223: Obsolescence Pending: Rating the ESRB

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I disagree. The job of the ESRB is to rate the content contained in the game itself. Interactions online is not their job, a bunch of people swearing on voice chat, or in a chat box is outside the scope of what they are intended to do. That is outside of their control. Most game devs will put a language filter on their text based communication, but beyond perfecting software that can listen, process, and censor obscene language on the fly without hindering gameplay, it is the best they can do.

If the ESRB were to rate games based on their online content I would say that every game that has any form of conversational online communication would be rated 'M'. Some onus has to fall on the parent to monitor and attempt to tell their child that calling someone/thing anything a 'faggot', or [insert genitalia reference here] isn't the correct way to communicate with someone.

How do you even begin to rate online games for what goes on in chat? Play any online game, and you are guaranteed to run into some of the most unapologetically rude, crude, crass, racist, misogynistic, homophobic, anti-sematic, pornographic, and base human beings imaginable in the chat and forums. Even the most simple children's game will be forced to have an AO rating if it has any online chat capability that allows free-expression.

The problem is that it's really difficult to control that sort of thing without either the game developer instituting some sort of extreme censorship, which will only prove exhausting, costly, and destructive to the profitability of the game, or the community for that game has to take it upon itself to excommunicate any who devolves to such unacceptable levels of interaction.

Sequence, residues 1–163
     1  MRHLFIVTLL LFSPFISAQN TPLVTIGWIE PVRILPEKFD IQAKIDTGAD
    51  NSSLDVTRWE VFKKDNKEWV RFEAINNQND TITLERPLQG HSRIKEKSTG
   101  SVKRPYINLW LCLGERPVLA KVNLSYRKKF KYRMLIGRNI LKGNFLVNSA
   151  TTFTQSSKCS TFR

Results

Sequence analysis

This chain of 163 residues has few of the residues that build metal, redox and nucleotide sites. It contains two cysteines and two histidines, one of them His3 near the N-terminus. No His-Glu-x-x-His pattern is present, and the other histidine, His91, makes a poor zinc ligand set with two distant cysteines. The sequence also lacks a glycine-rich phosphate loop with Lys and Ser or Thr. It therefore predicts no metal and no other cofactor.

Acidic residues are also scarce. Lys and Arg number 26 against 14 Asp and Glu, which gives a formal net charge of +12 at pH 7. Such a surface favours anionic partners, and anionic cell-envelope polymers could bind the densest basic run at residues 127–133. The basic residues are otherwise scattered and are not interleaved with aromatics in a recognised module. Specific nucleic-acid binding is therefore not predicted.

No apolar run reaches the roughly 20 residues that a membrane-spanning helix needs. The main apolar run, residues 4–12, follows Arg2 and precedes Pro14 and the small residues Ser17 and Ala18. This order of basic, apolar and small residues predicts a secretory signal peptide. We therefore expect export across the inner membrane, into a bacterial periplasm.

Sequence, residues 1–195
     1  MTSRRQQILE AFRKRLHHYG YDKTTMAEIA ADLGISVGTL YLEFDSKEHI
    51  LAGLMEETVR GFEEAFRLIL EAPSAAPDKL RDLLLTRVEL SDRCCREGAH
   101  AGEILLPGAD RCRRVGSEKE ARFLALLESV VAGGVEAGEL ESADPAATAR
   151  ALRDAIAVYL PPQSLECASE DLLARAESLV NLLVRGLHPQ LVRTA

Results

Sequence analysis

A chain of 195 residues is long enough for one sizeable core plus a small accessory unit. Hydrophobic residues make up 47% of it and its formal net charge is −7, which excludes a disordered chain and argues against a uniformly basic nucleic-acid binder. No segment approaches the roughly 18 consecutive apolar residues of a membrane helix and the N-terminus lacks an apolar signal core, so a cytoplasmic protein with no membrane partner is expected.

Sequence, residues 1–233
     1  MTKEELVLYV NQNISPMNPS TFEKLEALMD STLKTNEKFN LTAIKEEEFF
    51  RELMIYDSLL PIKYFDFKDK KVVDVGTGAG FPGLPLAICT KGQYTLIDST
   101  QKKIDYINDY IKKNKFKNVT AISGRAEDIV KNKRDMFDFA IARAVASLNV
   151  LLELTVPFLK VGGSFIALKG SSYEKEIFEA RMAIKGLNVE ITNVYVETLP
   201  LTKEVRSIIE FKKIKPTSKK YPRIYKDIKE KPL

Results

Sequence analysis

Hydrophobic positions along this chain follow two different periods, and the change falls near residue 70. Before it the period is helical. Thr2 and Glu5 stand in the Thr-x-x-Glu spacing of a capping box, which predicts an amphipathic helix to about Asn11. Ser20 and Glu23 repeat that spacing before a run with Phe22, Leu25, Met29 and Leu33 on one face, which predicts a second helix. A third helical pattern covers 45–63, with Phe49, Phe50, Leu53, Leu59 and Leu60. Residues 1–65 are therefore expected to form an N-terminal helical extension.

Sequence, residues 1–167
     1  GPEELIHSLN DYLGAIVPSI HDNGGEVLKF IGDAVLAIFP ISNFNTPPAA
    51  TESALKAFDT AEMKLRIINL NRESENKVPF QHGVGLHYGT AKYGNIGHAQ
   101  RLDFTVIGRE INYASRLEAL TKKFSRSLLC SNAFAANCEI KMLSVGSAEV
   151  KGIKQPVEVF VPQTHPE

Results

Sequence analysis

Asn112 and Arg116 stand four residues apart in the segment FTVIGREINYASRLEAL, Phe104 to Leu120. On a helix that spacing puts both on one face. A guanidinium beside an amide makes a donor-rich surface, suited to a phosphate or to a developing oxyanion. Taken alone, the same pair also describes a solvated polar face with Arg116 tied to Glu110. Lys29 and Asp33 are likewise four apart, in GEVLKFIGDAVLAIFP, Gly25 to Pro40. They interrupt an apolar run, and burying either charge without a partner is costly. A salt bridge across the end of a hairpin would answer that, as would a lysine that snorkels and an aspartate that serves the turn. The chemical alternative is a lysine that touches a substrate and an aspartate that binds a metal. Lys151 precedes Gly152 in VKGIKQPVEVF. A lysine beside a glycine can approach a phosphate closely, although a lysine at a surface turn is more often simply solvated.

The reason for this dilemma, in my opinion, is that the Internet has developed with this mistaken notion that anonymity and remoteness means that you can just throw away the normal rules of etiquette and graceful social interaction. As a result, it has become the norm on the Internet to be a complete, unrepentant asshole to anyone and everyone(just look at how so easily everyone calls each other an "idiot" to the point the word no longer has any real meaning). If people actually tried to be nice and empathetic to each other, for a change, instead of being bitter, mean, sarcastic, or cynical, I think much of the problem would be rendered moot.

VanityGirl:
I just don't understand why ESBR don't say you kid needs to be above a certain age to play online. Think about social networking sites, or think about the Escapist. Don't you have to be atleast 13 years old to get an account on here? I think you do.

That's correct; in the US, the Children's Online Privacy Protection Act 1998 effectively requires any online service to ban under-13s from interacting with other people through the service (they must provide verified parental consent before they can handle personal information, which is quite difficult to do over the internet).

So all online interactions are effectively rated PG13 already.

oktalist:

VanityGirl:
I just don't understand why ESBR don't say you kid needs to be above a certain age to play online. Think about social networking sites, or think about the Escapist. Don't you have to be atleast 13 years old to get an account on here? I think you do.

That's correct; in the US, the Children's Online Privacy Protection Act 1998 effectively requires any online service to ban under-13s from interacting with other people through the service (they must provide verified parental consent before they can handle personal information, which is quite difficult to do over the internet).

So all online interactions are effectively rated PG13 already.

Which, even more so than other ratings, is as easy to bypass as a click. No I.D. and no proof required. Just say you were born eighteen years ago and the entire Privacy Act is rendered useless--well, more useless.

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